Glenn Williams

by Glenn Williams


Overcoming the obstacles of interruption and speed

Interruptions get in the way of productivity no matter what size the organisation is.

In 2006, Dr. André Martin conducted research on a sample of 800 leaders and identified four global trends.[i] In The Risk of Collaboration we addressed the first two: ‘The Ground Truth of Globalization’ and ‘The Rise of Complex Challenges’.

The third trend was The World of Interruption.

Martin states that 11 minutes is the average time spent on a task before an interruption, and 25 minutes as the average time it takes to return to the task. We live in a world of continuous partial attention or what he describes as “Organizational ADD”.

In the 1940’s, Intelligence Quotient (IQ) was a huge factor in determining a person’s job suitability; in the late 1990's and early 2000’s, a person’s Emotional Quotient (EQ) came onto the scene via Daniel Golman’s outstanding work; and today, a person’s Fluid Intelligence (FI) is considered to be increasingly important –

FI is not what you know, but how quickly you can access the information you need. It is the ability to overcome the two major obstacles of interruption and speed.

This has obvious implications for organizational leaders that want to be successful. Careful consideration must be given in setting up workplaces that suit different work styles, new processes, schedules, and cross-functional teams (where specialized skills can cross-pollinate).

The fourth global trend was, Leadership for Longevity.

For the first time in 100 years, the next generation could see a decrease in their lifespan in comparison to their parents. In developed countries, 70-80 percent of health costs are attributable to lifestyle behaviors: poor diet, drinking too much, smoking, stress, and lack of exercise.

Health issues have a significant impact on organizations. Martin presents the following equation to identify the interrelationship between key factors:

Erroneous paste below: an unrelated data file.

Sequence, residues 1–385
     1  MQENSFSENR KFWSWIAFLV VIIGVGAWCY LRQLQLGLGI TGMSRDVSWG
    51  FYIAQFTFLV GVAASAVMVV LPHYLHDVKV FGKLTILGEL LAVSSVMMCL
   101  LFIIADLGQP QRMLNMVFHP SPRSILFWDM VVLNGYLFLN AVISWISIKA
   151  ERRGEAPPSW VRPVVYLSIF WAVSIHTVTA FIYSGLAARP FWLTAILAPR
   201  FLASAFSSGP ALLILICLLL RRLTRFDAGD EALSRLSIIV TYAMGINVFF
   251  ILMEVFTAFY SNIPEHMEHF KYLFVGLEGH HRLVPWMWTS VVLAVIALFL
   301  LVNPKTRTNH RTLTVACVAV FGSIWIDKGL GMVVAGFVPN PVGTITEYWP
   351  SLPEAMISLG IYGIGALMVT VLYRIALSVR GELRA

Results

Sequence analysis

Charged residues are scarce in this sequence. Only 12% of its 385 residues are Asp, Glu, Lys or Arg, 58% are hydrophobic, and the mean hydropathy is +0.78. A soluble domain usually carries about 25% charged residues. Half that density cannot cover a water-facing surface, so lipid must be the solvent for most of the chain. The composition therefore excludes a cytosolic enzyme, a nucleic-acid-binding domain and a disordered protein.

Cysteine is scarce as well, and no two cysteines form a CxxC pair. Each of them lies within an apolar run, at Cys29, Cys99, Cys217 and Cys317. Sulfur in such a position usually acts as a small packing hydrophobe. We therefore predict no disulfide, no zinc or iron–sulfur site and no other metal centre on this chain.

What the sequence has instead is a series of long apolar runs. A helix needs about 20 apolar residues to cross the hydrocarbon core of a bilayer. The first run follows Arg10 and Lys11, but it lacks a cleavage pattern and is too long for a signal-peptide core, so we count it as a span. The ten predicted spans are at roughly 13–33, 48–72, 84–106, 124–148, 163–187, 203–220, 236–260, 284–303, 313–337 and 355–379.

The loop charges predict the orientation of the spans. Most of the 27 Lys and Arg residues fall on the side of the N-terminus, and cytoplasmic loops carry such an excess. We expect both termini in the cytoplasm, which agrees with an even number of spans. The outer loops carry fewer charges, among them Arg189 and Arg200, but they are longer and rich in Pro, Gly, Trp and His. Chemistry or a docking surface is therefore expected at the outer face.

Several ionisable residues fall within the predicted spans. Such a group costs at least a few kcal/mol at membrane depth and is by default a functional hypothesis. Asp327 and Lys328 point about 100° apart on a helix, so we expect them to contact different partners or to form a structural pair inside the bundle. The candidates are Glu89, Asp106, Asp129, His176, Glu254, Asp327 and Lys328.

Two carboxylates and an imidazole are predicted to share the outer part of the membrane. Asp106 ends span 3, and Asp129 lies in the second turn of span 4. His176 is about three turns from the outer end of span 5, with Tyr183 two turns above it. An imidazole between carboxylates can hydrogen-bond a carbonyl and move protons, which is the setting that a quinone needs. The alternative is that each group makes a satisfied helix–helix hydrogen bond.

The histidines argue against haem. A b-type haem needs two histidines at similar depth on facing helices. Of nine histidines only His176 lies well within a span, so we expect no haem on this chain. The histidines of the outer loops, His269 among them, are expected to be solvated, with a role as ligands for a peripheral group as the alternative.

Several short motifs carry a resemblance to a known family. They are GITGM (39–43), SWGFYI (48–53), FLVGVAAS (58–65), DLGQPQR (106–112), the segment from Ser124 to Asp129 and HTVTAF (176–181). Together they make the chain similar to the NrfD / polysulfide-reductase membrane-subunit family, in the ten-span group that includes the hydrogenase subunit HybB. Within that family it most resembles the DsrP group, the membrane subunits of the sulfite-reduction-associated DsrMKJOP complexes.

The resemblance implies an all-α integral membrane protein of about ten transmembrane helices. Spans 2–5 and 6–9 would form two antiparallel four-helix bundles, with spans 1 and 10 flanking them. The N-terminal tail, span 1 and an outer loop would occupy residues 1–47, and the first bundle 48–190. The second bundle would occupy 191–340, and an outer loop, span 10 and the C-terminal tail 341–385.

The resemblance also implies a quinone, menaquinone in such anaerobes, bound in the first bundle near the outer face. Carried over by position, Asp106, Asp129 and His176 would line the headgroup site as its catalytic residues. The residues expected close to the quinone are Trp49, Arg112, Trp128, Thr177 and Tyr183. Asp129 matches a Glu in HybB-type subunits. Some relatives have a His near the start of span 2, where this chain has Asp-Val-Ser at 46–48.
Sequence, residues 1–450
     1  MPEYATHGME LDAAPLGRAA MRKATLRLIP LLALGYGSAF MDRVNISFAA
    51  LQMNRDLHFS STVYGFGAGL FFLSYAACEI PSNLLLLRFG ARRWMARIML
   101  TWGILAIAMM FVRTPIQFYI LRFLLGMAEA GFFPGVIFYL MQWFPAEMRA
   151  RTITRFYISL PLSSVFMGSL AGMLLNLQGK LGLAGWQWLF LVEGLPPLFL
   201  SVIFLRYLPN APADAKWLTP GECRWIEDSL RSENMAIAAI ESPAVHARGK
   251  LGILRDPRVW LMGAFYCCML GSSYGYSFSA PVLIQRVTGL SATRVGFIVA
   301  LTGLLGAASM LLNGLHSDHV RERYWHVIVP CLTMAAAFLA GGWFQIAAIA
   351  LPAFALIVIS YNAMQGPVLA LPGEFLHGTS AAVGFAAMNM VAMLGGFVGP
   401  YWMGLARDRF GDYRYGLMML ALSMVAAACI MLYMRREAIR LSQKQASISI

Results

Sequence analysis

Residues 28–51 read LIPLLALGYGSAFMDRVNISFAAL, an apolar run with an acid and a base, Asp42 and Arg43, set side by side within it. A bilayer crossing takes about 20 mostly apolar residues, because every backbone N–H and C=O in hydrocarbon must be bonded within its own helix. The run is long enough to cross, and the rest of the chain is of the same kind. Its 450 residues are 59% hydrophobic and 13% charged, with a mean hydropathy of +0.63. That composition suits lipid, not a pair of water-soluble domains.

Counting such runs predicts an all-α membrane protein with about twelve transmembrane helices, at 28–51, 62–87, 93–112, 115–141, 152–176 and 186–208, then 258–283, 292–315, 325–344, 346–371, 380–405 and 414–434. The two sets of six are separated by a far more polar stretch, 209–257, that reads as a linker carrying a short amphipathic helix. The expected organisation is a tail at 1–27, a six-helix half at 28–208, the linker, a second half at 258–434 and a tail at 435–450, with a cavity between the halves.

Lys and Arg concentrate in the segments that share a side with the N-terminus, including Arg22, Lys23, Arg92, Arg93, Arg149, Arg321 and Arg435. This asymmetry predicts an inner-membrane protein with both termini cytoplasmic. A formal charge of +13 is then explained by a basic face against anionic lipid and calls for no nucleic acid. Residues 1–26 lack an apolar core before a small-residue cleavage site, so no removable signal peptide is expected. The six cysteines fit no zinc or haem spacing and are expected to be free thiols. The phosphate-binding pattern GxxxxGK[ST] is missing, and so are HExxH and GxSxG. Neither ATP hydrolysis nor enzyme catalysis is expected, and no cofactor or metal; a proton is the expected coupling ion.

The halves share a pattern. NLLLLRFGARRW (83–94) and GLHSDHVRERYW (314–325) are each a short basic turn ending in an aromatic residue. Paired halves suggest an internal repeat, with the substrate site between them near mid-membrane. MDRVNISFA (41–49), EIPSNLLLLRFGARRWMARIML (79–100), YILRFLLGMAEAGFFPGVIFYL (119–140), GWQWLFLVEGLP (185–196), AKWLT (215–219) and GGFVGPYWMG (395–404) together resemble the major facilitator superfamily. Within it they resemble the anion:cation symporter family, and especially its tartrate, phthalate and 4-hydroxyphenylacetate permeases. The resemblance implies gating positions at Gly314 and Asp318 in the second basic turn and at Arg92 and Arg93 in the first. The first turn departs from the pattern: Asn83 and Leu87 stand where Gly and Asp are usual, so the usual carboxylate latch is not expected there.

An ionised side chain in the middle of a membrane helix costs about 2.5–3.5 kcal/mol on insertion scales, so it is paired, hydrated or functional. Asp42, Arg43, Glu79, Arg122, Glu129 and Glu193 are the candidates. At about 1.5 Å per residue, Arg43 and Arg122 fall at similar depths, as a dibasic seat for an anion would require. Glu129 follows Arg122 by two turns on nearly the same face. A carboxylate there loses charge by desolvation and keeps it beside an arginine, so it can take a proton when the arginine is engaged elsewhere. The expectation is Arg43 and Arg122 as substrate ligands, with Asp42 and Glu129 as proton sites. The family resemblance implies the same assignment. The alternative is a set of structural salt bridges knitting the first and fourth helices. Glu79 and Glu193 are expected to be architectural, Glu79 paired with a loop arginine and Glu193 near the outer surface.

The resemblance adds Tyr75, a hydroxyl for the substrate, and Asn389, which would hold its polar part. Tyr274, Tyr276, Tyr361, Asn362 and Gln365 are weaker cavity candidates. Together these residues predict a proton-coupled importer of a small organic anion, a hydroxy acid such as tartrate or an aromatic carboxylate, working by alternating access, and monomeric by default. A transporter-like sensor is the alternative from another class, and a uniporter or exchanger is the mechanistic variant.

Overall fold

Complexity + Interruption = Stress = Higher Health Risk = Lower Performance

If leaders don’t respond effectively to the world of interruption and speed, more than likely they will burn out along with their organizations.

What’s the bottom-line?

As Daniel Forrester states,

There’s an intangible and invisible marketplace within our lives today, where the products traded are four-fold: attention, distraction, data, and meaning. Yet we rarely step back to question the pace, personal impact, chaotic information flows, unpredictability, and a lack of meaning that swirl within our organizations.[ii]

Below are some things to consider:

  • Look for leaders who don’t feel insecure when others know more about something than they do. There is a need for leaders to adapt and collaborate like never before.
  • Incentivize teams to pause, reflect and evaluate what could have been done better, rather than blaming someone for what went wrong.
  • Make health and fitness a part of leadership development and ensure that performance reviews for staff include health and fitness goals.

[i] André Martin, “A New Map of Leadership: Global Trends Impacting Leaders and Leadership Development,” Center for Creative Leadership (CCL), (accessed April 16, 2011).

[ii] Daniel Patrick Forrester, Consider: Harnessing the Power of Reflective Thinking in Your Organization (New York, NY: Palgrave MacMillan, 2011), 4.


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